Abortion rights supporters protest outside the Supreme Court

Abortion rights supporters protest outside the Supreme Court on April 24, 2024 in Washington, D.C.

(Photo: Andrew Harnik/Getty Images)

Study Links Abortion Restrictions and Intimate Partner Homicide

"In thinking about pregnancy itself as a risk factor for homicide, it follows that the ability to prevent or end a pregnancy" could have "immediate implications" for the safety of pregnant people, said one researcher.

A new study links abortion restrictions to an increased risk that pregnant people will be murdered by their intimate partners—and since researchers examined laws that were in place before the U.S. Supreme Court overturned Roe v. Wade and cleared the way for statewide abortion bans, the authors warn that the threat may be even greater than the analysis shows.

In the study released Monday, researchers at Tulane University looked at five separate abortion restrictions and compared them to the intimate partner homicide rates reported by the National Violent Death Reporting System at the U.S. Centers for Disease Control and Prevention.

For each of the abortion restrictions, all of which were in place from 2014-22, the rate of intimate partner homicide among women and girls of reproductive age rose 3.4%.

The researchers found that extrapolated across the United States, an additional 24 women were killed by their intimate partners over the time period.

The study controlled for domestic violence risk factors including income inequality and gun ownership.

Intimate partner homicide is "consistently among the leading causes of death in pregnant and postpartum people," lead author Maeve Wallace, an associate professor at Tulane, toldThe Guardian.

Because it is still relatively rare, however, the research team used girls and women of reproductive age as a proxy for victims of violence who were likely pregnant or postpartum.

"In thinking about pregnancy itself as a risk factor for homicide, it follows that the ability to prevent or end a pregnancy" could have "immediate implications" for the safety of pregnant people in states with severe abortion restrictions and bans, Wallace told The Guardian.

The newspaper reported that the research "is almost certainly an underestimate of the potential risk to pregnant and postpartum women, because intimate partner violence is generally underreported."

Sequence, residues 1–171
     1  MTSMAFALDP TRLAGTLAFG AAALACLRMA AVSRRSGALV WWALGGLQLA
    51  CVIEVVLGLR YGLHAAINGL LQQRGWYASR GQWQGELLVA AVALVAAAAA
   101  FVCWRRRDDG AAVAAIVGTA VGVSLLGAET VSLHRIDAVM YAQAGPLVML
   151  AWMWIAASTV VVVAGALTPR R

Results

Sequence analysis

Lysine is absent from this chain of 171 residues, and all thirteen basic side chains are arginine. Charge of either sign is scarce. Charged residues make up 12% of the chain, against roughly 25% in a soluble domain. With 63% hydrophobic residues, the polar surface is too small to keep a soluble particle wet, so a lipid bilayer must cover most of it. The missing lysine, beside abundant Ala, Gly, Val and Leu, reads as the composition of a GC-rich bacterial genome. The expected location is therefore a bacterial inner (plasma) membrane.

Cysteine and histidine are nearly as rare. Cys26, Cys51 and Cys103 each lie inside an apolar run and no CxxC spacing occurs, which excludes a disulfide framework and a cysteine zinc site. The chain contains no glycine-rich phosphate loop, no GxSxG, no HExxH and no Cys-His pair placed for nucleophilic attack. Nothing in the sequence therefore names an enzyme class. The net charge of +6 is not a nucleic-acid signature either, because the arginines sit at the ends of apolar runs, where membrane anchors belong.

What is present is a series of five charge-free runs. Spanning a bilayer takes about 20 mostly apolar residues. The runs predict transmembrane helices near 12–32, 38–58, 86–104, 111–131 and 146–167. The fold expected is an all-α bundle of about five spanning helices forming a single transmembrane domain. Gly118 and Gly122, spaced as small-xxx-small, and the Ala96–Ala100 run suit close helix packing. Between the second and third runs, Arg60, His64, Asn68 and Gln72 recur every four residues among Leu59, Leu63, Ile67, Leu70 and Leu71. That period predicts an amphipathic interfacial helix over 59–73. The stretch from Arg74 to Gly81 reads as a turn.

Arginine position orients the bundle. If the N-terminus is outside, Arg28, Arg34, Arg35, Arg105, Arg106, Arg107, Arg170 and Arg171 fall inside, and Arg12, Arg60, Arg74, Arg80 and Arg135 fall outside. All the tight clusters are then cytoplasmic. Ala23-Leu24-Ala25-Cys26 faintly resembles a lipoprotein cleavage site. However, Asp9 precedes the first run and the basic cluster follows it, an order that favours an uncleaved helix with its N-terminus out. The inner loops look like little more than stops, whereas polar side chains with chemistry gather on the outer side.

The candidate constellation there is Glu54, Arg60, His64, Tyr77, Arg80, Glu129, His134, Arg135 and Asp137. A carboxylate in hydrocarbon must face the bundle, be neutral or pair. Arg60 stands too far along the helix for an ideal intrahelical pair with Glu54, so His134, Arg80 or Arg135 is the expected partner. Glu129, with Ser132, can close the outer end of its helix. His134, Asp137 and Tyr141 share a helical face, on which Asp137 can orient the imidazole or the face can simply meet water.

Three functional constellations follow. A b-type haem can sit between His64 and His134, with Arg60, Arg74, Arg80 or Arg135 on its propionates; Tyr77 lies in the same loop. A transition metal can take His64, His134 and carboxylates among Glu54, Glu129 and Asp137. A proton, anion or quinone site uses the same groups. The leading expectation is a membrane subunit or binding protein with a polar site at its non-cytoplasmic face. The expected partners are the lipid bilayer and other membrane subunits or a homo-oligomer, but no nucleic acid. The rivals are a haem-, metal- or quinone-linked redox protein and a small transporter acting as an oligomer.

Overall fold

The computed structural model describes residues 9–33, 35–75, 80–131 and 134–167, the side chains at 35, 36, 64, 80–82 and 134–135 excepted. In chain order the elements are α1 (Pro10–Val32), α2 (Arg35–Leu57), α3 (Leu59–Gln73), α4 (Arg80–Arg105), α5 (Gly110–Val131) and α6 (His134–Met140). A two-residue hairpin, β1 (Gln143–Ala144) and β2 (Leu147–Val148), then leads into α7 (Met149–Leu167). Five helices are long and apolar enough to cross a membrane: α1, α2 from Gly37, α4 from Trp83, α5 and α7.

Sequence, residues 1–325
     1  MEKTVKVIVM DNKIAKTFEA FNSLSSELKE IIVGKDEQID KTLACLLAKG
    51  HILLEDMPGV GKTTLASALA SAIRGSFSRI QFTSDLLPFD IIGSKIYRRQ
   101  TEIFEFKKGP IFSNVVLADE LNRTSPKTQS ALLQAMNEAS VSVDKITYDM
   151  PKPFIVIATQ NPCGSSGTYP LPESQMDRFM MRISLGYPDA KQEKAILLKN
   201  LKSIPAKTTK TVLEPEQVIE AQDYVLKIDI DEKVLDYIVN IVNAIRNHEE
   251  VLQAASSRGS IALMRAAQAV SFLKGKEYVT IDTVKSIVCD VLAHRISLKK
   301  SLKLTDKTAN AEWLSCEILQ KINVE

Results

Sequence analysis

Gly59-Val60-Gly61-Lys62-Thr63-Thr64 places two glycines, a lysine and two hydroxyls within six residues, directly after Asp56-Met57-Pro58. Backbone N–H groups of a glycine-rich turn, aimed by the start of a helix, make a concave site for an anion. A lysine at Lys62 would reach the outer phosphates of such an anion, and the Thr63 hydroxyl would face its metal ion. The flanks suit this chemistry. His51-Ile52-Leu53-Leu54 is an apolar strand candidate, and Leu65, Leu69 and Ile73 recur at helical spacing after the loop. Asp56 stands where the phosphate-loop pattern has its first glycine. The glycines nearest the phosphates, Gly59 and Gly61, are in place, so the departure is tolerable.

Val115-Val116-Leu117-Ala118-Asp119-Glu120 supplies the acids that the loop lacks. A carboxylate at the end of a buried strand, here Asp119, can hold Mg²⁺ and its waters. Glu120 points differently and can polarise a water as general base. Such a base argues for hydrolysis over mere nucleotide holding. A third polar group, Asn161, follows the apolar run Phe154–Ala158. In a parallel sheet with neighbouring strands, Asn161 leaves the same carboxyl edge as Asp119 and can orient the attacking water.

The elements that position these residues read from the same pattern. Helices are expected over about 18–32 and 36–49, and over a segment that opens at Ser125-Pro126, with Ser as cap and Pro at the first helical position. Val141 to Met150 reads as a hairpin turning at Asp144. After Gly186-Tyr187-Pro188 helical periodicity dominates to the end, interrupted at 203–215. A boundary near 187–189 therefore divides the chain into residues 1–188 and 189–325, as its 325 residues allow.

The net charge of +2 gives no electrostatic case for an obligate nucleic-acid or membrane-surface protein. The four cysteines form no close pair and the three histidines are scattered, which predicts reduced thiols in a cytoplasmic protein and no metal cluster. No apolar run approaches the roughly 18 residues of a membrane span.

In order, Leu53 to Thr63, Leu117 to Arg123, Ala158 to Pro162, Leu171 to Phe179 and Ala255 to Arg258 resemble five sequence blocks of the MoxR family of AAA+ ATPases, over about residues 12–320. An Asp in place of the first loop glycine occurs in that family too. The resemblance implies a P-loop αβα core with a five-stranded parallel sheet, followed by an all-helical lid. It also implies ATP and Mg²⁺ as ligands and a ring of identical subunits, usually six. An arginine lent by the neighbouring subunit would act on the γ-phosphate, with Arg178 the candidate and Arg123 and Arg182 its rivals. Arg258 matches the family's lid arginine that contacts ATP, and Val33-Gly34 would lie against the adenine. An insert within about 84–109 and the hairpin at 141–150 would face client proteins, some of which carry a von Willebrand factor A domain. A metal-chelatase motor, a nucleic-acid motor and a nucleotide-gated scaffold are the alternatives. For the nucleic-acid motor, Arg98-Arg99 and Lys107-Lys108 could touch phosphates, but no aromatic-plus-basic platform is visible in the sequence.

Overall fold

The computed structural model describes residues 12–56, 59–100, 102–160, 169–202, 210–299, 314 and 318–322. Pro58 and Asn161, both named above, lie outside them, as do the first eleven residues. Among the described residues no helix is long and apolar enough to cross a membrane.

The study is the latest research illustrating "the horrific reality for women in America," said U.S. Sen. Dick Durbin (D-Ill.).

Another study published in the Journal of the American College of Surgeons in February found a 75% higher rate of peripartum homicide—the murder of a pregnant person or within a year of their giving birth—in states that restricted abortion access from 2018-20.

Reproductive justice advocates have pointed out that at least four states with abortion bans in place also ban divorce for married people who are pregnant.

"An abusive partner oftentimes views pregnancy as a loss of control, that their victim will now not be solely dedicated to them but will have somebody else that diverts their attention away from the abusive partner," Crystal Justice, chief external affairs officer at the National Domestic Violence Hotline, told The 19th last month after the Arizona Supreme Court reinstated an 1864 abortion ban, which has since been repealed by state lawmakers but still could be in effect for part of this year.

"Not only is the state now saying with this harmful and antiquated law that you must stay pregnant against your will," Justice said, but "during that pregnancy, the state is not going to let you legally divorce your abusive partner. I can't think of anything more outrageous or cruel."

The U.S. National Domestic Violence Hotline can be reached at 1-800-799-SAFE (7233), by texting "START" to 88788, or through chat at thehotline.org. It offers 24/7, free, and confidential support. DomesticShelters.org has a list of global and national resources.

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